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Remembering what NAID is all about

By Bob Johnson, NAID CEO

NAID has one mission: to promote the proper destruction of discarded information by outsourcing to a qualified service provider. That’s it. In service of that mission, NAID engages in a wide range of activities such as producing publications, holding conferences, commissioning research, speaking at industry events and advocating for regulations.

The concept is anything but new or unique. Every industry worth its salt has a trade association made up of organized industry professionals and companies. There are things that need improving in the industry that can only be done by pooling resources and concentrating expertise.

Of course, nothing happens without economic resources and the source of those resources fall into two major categories: membership dues and programs. Usually, only about 30 percent of trade associations’ revenue comes from membership dues and NAID is no exception. The rest comes from initiatives and programs like certification, conferences, sales tools and advertising sales.

Often there are for-profit organizations within an industry that offer these same things. The difference, however, is that those companies put the profits in their pocket. NAID gives them back to the industry and the IRS makes sure of it. And, in a very legal sense, members must be solely in charge of determining the association’s goals and how that money is spent.

Here are three principles I would like members to keep in mind:

  1. It is simply inaccurate to think of NAID as anything other than a collection of your colleagues. For the most part, the board is made of companies just like yours and they want the same things you do. You might not agree with every decision these 13 colleagues make but nevertheless they are your representatives. Often, they even disagree with each other. But that’s just how things work in the real world.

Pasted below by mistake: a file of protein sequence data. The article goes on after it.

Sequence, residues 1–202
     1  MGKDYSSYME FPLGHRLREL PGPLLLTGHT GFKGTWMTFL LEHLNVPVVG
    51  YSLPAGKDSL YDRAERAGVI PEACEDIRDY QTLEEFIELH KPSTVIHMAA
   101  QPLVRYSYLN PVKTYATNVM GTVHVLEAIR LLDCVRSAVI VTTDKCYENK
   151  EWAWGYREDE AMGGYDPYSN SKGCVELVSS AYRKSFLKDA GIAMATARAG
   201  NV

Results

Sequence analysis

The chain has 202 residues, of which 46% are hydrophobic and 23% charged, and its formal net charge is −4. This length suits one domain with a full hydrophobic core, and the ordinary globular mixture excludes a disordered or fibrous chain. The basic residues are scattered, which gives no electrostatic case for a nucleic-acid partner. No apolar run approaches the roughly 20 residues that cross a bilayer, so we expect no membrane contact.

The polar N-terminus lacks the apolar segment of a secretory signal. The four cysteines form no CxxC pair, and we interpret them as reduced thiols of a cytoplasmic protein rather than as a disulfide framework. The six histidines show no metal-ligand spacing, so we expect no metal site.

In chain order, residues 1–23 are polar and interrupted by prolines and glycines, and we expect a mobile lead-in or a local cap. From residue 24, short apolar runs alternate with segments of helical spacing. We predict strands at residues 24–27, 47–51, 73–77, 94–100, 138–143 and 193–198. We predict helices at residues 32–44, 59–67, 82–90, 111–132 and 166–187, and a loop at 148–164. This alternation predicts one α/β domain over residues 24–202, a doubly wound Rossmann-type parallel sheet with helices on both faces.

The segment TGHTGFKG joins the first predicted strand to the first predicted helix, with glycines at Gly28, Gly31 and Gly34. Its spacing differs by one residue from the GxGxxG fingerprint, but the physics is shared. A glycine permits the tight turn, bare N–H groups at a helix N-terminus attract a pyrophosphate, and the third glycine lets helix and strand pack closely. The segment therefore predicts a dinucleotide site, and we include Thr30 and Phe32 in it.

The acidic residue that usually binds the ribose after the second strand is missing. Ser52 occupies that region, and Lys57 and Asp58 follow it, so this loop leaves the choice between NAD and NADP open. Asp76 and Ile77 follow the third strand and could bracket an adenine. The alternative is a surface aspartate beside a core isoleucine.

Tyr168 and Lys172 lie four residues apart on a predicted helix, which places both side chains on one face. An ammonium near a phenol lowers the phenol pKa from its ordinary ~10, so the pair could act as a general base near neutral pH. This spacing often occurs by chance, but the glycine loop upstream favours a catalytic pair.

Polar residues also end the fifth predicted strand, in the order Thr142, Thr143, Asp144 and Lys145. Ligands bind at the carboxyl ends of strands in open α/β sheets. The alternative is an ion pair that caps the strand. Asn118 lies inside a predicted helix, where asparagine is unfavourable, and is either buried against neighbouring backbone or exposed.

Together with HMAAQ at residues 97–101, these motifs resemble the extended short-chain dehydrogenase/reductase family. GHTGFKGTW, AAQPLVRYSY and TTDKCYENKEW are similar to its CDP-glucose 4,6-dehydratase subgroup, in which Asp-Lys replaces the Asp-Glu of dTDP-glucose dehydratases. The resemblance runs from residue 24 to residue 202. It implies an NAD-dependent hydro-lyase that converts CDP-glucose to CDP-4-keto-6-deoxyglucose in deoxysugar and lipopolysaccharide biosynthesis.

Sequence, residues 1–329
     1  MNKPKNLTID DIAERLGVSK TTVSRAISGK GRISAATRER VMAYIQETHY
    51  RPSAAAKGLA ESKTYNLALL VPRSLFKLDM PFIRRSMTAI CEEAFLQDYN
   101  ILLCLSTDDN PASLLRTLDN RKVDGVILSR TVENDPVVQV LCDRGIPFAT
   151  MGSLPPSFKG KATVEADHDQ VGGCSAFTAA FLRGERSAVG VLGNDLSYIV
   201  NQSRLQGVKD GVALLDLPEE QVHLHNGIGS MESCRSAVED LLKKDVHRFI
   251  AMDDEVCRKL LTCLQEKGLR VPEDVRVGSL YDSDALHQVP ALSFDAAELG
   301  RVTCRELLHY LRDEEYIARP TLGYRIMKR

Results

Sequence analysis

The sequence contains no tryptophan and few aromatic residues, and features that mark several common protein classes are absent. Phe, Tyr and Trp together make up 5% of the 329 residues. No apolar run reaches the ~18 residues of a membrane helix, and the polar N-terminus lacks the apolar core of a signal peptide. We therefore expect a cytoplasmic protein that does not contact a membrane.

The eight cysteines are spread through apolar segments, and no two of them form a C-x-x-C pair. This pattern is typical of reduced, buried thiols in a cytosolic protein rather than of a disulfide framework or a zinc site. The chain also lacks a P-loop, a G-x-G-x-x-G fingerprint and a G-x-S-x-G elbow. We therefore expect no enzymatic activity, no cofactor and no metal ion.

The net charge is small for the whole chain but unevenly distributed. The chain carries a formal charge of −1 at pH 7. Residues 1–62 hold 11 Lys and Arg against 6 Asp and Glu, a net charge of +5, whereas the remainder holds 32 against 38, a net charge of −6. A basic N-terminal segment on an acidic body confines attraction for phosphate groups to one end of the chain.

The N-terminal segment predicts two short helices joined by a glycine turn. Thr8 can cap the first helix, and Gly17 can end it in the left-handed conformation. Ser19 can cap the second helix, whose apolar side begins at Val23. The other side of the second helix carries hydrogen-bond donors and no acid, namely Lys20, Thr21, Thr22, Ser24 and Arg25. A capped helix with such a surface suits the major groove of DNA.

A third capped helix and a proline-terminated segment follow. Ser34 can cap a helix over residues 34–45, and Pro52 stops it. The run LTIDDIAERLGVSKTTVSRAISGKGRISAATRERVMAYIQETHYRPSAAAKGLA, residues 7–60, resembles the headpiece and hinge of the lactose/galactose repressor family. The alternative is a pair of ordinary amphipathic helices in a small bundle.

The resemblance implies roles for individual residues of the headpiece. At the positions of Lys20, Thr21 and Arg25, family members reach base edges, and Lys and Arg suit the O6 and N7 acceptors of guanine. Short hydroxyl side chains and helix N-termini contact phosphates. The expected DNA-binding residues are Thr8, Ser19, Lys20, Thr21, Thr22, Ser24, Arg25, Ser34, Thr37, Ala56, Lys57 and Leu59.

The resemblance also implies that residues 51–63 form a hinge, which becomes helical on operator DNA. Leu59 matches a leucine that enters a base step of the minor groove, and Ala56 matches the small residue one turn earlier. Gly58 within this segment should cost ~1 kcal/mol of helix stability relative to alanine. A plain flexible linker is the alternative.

2. Whether you are a service provider or a vendor, every penny you have given to NAID went toward activities and projects to promote the industry. Only about 30 percent goes to pay NAID’s 12 full-time staff members – an acceptable association norm. But even then, everyone one of those people come to work every day to execute the directives of the board of directors, who themselves are simply acting under the authority of the membership who elected them.
  3. Since NAID is just a collection of destruction service providers, industry vendors who support NAID are actually supporting the service providers’ customers. There are several other, very good, for-profit promotional outlets, none of which turn their profits to the betterment of your business. Please keep this in mind, and whenever you get the chance, thank those vendors who continue to support your trade association and your business.